Verse 21 uses strong words indeed, speaking of the virgin, the daughter of Zion despising and laughing to scorn the king of Assyria, shaking her head against him. This is not intended to be an example for us to follow in the way we deal now with enemies of the truth, but it is God's Word as regards what was a righteous response at that time to the man who was a wicked enemy of God. For God questions Sennacherib, "Whom have you reproached and blasphemed? Against whom have you raised your voice, and lifted up your eyes on high?" The answer is most solemn, - "Against the Holy One of Israel (v.22). By means of his messengers Sennacherib reproached the Lord, telling Him in effect that Assyria had enough chariots to reader God helpless against him. The proud boasting of Sennacherib continues through verse 24. He said he would cut down the tall cedars of Lebanon and its cypress trees, rendering the whole country defenceless against his power.

God's answer to him is seen in verses 25-28. How withering indeed if only the king of Assyria had paid attention to it! Had he not heard long ago that God had made the forests of Lebanon and the waters the king boasted of drying up? It was the God who made these things who had given power to Sennacherib to crush fortified cities into heaps of ruins. Because God was behind this, therefore the inhabitants of those cities were without power to defend themselves (v.26) and became totally confounded. They were as the grass of the field, green for a time, then withering. But this is true of all mankind by nature (Psalms 103:15-16). Though these nations gave way to Assyria, Assyria would yet give way and perish as the grass. How futile was her boasting then!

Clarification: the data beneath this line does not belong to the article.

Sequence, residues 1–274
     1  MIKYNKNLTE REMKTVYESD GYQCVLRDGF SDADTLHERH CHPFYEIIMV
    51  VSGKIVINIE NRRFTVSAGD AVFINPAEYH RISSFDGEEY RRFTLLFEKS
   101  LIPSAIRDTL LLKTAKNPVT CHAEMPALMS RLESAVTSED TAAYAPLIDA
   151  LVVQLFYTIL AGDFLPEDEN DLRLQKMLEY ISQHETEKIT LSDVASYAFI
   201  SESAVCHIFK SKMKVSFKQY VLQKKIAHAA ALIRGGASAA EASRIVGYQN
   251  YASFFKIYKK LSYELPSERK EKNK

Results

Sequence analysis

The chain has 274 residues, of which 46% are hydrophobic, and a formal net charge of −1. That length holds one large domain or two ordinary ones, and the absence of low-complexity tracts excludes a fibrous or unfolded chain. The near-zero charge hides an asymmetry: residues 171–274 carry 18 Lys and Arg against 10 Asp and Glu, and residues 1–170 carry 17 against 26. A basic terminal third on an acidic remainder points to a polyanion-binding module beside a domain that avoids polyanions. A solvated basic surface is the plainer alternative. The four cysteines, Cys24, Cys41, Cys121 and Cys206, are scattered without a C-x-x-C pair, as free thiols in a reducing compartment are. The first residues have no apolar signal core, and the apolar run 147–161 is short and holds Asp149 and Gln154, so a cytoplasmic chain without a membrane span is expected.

God knew Assyria's dwelling place and all her activities, including her rage against God Himself (v.27). If she had confined her animosity to the nations she conquered, she may not have fallen so soon, but since adding her blasphemy against the God who had exalted her, therefore God would put His hook in her nose and His bridle in her lips and turn her back by the way she had come (v.28). Thus, God may use one nation to punish another, but when that nation is then puffed up with pride, God knows how to reduce it to a humiliating level.